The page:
UNIVERSITY of GLASGOW

The Corresponence of James McNeil Whistler
Home > On-line Edition > Transcription/Database Record

the on-line edition

System Number: 04084
Date: [21 February 1885][1]
Author: Clementine Mitford[2]
Place: [London]
Recipient: JW
Place: [London]
Repository: Glasgow University Library
Call Number: MS Whistler M354
Document Type: ALS


Sat. Feb. 20th 1885 -

Dear Mr Whistler

I must write you a line - to say how very very[3] much delighted and disappointed I am - delighted to hear from Bertie[4] of the success of last night[5] and more than disappointed [p. 2] at not being present at "the most brilliant thing" Bertie had ever heard - I am so much pleased - but is there no means of my knowing exactly what you said? Will it be printed or will the lecture ever be re-[p. 3]peated?

this is a very untidy scrap but I cannot wait till I am allowed a pen and ink -

Mrs Flower[6] came this afternoon but unfortunately while I was asleep and [p. 4] she would have told me a great deal about it - and I want to hear from every body what can be told me -

Do come some day the week after next and tell me a great deal about it -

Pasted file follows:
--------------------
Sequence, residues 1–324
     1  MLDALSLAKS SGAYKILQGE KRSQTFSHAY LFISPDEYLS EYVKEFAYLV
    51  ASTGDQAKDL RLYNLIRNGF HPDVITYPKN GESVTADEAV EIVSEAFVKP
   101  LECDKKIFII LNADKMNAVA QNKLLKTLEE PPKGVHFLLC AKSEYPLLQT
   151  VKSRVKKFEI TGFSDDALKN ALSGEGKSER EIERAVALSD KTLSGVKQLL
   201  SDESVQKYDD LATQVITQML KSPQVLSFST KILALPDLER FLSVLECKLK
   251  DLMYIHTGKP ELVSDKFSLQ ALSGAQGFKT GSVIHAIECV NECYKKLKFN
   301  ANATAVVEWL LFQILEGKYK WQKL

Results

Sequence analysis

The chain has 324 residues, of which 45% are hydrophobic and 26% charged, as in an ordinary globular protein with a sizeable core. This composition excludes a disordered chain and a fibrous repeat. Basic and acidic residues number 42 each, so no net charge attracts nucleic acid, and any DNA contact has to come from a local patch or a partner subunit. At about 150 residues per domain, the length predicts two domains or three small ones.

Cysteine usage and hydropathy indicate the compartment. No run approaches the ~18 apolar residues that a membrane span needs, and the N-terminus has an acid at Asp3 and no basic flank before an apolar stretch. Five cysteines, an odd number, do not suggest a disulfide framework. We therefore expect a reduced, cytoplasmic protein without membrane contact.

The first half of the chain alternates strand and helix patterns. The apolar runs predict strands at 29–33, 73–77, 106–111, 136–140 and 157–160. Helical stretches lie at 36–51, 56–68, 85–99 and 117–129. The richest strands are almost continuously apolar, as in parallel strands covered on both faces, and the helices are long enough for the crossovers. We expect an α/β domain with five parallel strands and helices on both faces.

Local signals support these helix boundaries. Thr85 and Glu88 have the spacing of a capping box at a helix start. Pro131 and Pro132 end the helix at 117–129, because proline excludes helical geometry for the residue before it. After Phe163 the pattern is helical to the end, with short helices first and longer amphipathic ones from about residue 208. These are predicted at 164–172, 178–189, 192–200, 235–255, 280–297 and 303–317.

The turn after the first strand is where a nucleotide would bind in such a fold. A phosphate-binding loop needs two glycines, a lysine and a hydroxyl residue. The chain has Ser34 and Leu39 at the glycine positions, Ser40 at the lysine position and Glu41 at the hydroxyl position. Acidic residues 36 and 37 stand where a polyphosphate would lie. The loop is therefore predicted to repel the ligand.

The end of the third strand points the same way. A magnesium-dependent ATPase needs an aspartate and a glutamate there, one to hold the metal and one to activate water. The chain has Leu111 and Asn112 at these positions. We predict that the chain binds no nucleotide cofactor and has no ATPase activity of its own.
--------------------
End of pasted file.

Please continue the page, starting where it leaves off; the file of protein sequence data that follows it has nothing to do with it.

Yours very Sincerely

Clementine Mitford.


This document is protected by copyright.


Notes:

1.  [21 February 1885]
Dated from the reference to 'last night'. The lecture (see note below) was given on the evening of Friday, 20 February.

2.  Clementine Mitford
Clementine Gertrude Helen Mitford (1854-1932), née Ogilvy, wife of the 1st Baron Redesdale [more].

3.  very very
Double underlined.

4.  Bertie
Algernon Bertram Freeman-Mitford (1837-1916), Lord Redesdale (1886), diplomat, Secretary of the Office of Works, and collector [more].

5.  last night
A reference to JW's 'Ten O'Clock Lecture,' his major public statement of his aesthetic ideas. He delivered the lecture for the first time on 20 February 1885 at the Prince's Hall, Piccadilly. He repeated it a few weeks later at Cambridge on 24 March and Oxford on 30 April. A version of the text of the lecture may be found at #06791.

6.  Mrs Flower
Elizabeth H. Flower (b. ca 1843), artist [more].